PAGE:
UC Santa Barbara students and university face housing shortage
UC Santa Barbara students are facing a housing shortage like never before as they struggle to find housing on and off campus before the start of the fall semester on September 23.
Just weeks before the start of the UCSB school year, the university has been able to place some students in housing while others are still frantically searching and considering living in their car or postponing the term.
As of August 31, the university had welcomed all new transfer students and first and second year students who met the housing application deadline, UCSB spokesperson Andrea Estrada told Noozhawk.
Additionally, the university has negotiated with local hotels to make rooms available for those who cannot find suitable accommodation elsewhere for the fall term, according to a message sent to the campus community by Chancellor Henry. Yang.
“While we have not increased enrollment above pre-pandemic levels, we are aware that some of our students, both undergraduate and graduate, have had difficulty finding off-campus housing. “Yang said. “We have worked diligently to remedy the situation. Our accommodation team seeks to maximize our accommodation options both on and off campus, and we have already been able to accommodate a significant number of students from the waiting list.
Hotel rooms would include both single and double occupancy rooms, according to Yang. Most of the hotels reviewed are said to be located along MTD’s regular bus lines, and the accommodation team is working to address concerns raised by students regarding safety, management and meal plans for these arrangements, a Yang said.
The cost would exceed the amount students would pay for similar university accommodation, but would be covered by funds provided by the university from a combination of campus funds, according to Yang.
Although the university has not provided Noozhawk with any additional information about the hotel negotiations, Associated Students President Yuval Cohen said the hotels will provide around 400 places for students.
“There are still a lot of risks and safety issues associated with hotels,” Cohen told Noozhawk. “Will there be ARs?” How will meal plans work? How will students return to the hotel at night if they are staying on campus to study late at night? “
As the university tries to solve the housing crisis, some students say it is not enough.
“It seems we are all kind of waiting for the response from the university because there is so little we can do, but it looks like the university is waiting for the problem to resolve itself,” Gurleen Pabla, Cohen’s chief of staff, says Noozhawk. “There’s this big piece of the puzzle that they really don’t consider, but that’s the whole point.”
The President’s Associate Student Office created a survey to collect data from students regarding accommodation, return to in-person classes, and potential remote options.
With over 4,500 responses as of September 2, 65.7% of students responded that they had a place to live, 15.4% of students responded that they could have a place to live and 14% said they had a place to live. ‘they had no place to live. live, according to Cohen.
Nearly 2,000 students responded that they would like to return to campus in person for the fall term, and “a very large number” wanted the university to offer a hybrid option, according to Pabla.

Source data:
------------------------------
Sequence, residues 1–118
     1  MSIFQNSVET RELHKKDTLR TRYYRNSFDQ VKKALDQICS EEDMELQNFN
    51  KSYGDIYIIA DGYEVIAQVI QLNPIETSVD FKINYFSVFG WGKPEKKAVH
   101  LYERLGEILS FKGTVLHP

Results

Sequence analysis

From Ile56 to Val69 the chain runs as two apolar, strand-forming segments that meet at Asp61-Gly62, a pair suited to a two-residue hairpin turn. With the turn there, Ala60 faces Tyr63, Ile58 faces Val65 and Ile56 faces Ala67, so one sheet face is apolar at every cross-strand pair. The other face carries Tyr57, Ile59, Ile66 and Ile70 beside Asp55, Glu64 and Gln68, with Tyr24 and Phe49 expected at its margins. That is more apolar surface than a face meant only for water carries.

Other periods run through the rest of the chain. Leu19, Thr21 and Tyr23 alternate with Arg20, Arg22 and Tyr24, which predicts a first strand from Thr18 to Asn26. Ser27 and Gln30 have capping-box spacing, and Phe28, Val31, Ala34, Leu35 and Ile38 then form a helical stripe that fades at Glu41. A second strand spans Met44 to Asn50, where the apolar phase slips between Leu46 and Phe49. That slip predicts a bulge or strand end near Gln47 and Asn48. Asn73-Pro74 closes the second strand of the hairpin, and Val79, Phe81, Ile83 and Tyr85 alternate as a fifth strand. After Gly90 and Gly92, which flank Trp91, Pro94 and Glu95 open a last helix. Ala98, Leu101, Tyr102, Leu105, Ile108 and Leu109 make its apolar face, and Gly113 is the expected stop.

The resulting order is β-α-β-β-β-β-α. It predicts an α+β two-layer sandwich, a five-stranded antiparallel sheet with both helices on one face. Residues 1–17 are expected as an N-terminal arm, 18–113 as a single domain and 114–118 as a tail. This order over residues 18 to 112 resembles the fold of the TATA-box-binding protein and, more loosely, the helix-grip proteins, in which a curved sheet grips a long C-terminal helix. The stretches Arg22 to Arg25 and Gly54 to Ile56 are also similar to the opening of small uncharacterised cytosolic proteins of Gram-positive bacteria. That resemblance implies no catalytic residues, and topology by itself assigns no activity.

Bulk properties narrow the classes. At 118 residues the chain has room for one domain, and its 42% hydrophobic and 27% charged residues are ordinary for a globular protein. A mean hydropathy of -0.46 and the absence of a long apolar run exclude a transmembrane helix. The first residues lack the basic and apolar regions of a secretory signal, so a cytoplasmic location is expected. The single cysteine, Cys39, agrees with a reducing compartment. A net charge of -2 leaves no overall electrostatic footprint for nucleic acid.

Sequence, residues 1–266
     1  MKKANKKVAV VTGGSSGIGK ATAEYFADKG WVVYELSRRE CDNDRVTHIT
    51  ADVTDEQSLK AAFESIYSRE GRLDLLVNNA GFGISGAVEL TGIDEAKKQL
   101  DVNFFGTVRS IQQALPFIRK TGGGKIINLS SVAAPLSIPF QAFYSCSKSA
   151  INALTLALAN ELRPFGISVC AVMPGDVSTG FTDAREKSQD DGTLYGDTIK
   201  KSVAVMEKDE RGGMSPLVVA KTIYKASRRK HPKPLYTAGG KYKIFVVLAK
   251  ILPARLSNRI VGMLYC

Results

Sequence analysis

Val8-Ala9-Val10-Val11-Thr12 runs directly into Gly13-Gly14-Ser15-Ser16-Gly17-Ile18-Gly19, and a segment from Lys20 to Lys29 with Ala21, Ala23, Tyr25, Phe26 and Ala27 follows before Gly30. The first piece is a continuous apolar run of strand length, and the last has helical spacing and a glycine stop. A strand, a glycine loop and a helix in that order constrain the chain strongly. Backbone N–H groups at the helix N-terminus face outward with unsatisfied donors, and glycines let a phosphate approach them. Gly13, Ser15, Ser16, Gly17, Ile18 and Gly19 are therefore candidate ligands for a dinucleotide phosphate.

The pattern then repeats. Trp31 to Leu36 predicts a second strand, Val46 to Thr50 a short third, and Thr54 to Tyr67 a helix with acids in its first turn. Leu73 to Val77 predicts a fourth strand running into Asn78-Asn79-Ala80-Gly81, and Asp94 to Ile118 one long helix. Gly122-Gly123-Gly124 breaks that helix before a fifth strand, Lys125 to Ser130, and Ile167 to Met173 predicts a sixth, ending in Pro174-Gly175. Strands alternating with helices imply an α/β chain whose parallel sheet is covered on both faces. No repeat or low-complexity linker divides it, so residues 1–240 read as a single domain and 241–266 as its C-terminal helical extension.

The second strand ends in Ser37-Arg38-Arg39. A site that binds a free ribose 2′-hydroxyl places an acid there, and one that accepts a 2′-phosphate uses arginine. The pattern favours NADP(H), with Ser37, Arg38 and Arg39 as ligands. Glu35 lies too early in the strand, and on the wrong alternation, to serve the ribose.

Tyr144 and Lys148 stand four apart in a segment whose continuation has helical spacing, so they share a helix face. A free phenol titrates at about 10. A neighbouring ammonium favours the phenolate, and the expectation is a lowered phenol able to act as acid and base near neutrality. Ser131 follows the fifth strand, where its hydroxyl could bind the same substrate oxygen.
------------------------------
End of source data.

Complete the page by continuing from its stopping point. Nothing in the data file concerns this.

“People who wanted the hybrid option often said they wanted to be in person, but wanted more COVID-19 security measures in place,” Pabla said.
Cohen plans to send the survey to the UCSB administration as soon as possible in hopes of getting more responses from the university, she said.
“The administration has been very open to having conversations with us, but we haven’t really seen it go anywhere, so I want them to see real data and real feedback from the students.” , she said.
A student organization called Organize IV has created a statement to ensure safe return to campus, and much of the statement provides an online option for students who are unable to find accommodation. The statement demands that the UCSB administration and the Academic Senate provide an online option for students and staff due to the lack of housing.
As of September 1, the statement was approved by the Isla Vista Tenants Union, Santa Barbara Tenants Union, UCSB Campus Democrats, UCSB4COLA, Student Associate Office of the External Vice President of Business of the State, the associate student office of the external vice president of local affairs and the president’s office AS, among others, according to an Instagram post.
“AS leaders made it clear to administration that if these students did not have housing, they would need remote options,” Cohen said. “I hope they got it, but it’s really, really scary.”
The Housing Coalition, a group made up of students from Organize IV, the Isla Vista Tenants Union and other students who want to help out, created a supplemental survey last week that specifically asked students about housing.
“The purpose of this survey was that we wanted to hear what the students had to say about the housing crisis because they felt the administration had not responded,” Pabla said.
The survey and responses were shared with Cohen and his staff.
Of the 1,410 responses, 28.5% of people said they did not have a place to live and 55.9% of people said they did.
A more open-ended question in the survey asked what students would do if they didn’t get housing by the start of the school year, and Cohen said many of the responses mentioned postponing college, commuting from a remote location, getting an Airbnb or living in a car.
“A lot of people weren’t sure what to do; it was crazy, ”Cohen said. “The reason we were so frustrated was that we didn’t get an answer. I don’t know what students are supposed to do if they find themselves homeless.